The National Music Publishers' Association (NMPA) and several songwriters have filed a class-action copyright-infringement suit against three peer-to-peer online music services, Billboard Bulletin rep

The National Music Publishers' Association (NMPA) and several songwriters have filed a class-action copyright-infringement suit against three peer-to-peer online music services, Billboard Bulletin reports. The suit, filed Monday in U.S. District Court for the Central District of California in Los Angeles, is against MusicCity, which operates the popular Morpheus service; Grokster.com; and Fast Track.

The suit mirrors one filed last month by the Recording Industry Association of America (RIAA) and the Motion Picture Association of America, alleging that the sites lead to the unlawful exchange of music, movies, software, and images.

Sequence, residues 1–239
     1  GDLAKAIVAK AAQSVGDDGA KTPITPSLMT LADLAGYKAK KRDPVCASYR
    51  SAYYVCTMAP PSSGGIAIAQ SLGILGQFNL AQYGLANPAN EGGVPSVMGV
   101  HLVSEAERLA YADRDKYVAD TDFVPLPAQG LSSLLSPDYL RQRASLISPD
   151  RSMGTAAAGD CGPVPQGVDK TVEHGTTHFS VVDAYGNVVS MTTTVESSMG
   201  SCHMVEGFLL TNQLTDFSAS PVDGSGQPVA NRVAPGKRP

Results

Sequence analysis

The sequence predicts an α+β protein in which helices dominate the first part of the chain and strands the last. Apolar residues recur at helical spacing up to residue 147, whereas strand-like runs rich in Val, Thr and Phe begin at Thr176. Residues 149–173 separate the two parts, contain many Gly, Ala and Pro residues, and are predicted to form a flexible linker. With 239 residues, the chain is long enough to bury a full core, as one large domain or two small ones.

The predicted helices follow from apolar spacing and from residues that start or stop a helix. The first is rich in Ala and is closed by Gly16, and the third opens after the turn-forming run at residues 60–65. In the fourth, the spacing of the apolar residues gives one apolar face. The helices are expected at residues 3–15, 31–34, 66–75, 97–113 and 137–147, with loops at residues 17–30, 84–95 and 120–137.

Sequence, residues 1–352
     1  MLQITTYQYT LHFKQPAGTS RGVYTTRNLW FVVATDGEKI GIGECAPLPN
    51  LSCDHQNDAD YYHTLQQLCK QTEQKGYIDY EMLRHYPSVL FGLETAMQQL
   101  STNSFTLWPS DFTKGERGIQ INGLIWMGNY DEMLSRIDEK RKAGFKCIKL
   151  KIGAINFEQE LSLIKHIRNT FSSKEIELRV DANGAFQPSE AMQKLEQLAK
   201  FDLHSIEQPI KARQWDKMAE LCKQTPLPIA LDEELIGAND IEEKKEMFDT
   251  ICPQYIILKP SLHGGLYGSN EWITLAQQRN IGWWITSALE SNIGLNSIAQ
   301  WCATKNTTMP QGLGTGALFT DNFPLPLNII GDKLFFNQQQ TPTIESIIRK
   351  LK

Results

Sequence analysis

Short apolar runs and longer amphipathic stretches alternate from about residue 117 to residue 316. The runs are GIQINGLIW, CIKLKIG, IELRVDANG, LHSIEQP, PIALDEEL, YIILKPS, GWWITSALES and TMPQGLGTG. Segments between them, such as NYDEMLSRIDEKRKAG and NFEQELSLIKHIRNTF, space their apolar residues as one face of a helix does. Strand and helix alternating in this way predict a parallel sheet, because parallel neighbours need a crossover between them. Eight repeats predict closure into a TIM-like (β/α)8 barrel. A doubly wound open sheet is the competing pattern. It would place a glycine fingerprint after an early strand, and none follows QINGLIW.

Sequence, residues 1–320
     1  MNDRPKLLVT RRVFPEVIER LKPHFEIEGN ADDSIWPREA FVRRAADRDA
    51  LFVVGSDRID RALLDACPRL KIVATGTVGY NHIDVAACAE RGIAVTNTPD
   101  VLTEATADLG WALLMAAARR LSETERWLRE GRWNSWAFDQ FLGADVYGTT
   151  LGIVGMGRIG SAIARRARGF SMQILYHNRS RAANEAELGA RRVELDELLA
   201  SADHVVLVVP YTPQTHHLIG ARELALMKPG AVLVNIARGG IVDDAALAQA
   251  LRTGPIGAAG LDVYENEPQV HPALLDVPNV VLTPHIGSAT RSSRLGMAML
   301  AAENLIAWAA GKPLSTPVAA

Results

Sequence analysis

Mike Stoller, one of the plaintiff songwriters, says the suit is attempting to underscore the notion that commercial businesses have a legal obligation to compensate songwriters for the use of their works, regardless of the delivery method. "When millions of people use the Morpheus service, they are doing so not because they think the technology is 'cool,' " says Stoller. "They are using it because they can get our songs without paying for them." Stoller is part of the classic songwriting team Leiber and Stoller, whose credits include "Hound Dog," "Jailhouse Rock," and "Stand By Me."

Robin Gross, an intellectual-property lawyer with the Electronic Frontier Foundation (EFF), takes issue with the NMPA and RIAA's premise that MusicCity and the other services operate Napster-like operations. "There is no music service here," says Gross. She describes MusicCity's service as "individuals who are connecting directly together" without a centralized database. "It's very different from Napster, which had the ability to monitor, control, and police what people were trading on its system."

EFF, a San Francisco-based civil-liberties group, is defending MusicCity in the case brought by the RIAA.